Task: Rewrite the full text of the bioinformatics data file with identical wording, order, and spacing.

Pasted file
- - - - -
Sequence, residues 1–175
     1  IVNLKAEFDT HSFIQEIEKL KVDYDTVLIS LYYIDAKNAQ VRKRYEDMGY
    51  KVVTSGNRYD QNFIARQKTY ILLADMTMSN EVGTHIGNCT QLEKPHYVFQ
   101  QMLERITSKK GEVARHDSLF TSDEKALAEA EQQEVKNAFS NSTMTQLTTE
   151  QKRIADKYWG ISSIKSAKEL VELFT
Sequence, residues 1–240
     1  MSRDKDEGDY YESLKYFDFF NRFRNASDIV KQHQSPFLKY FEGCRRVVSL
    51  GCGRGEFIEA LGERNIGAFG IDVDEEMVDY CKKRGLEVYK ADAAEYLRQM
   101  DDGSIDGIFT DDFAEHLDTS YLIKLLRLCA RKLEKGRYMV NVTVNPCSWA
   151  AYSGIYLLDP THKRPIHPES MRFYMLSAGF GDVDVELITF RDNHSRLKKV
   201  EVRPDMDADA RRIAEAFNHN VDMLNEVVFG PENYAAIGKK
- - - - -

Sequence, residues 1–175
     1  IVNLKAEFDT HSFIQEIEKL KVDYDTVLIS LYYIDAKNAQ VRKRYEDMGY
    51  KVVTSGNRYD QNFIARQKTY ILLADMTMSN EVGTHIGNCT QLEKPHYVFQ
   101  QMLERITSKK GEVARHDSLF TSDEKALAEA EQQEVKNAFS NSTMTQLTTE
   151  QKRIADKYWG ISSIKSAKEL VELFT
Sequence, residues 1–240
     1  MSRDKDEGDY YESLKYFDFF NRFRNASDIV KQHQSPFLKY FEGCRRVVSL
    51  GCGRGEFIEA LGERNIGAFG IDVDEEMVDY CKKRGLEVYK ADAAEYLRQM
   101  DDGSIDGIFT DDFAEHLDTS YLIKLLRLCA RKLEKGRYMV NVTVNPCSWA
   151  AYSGIYLLDP THKRPIHPES MRFYMLSAGF GDVDVELITF RDNHSRLKKV
   201  EVRPDMDADA RRIAEAFNHN VDMLNEVVFG PENYAAIGKK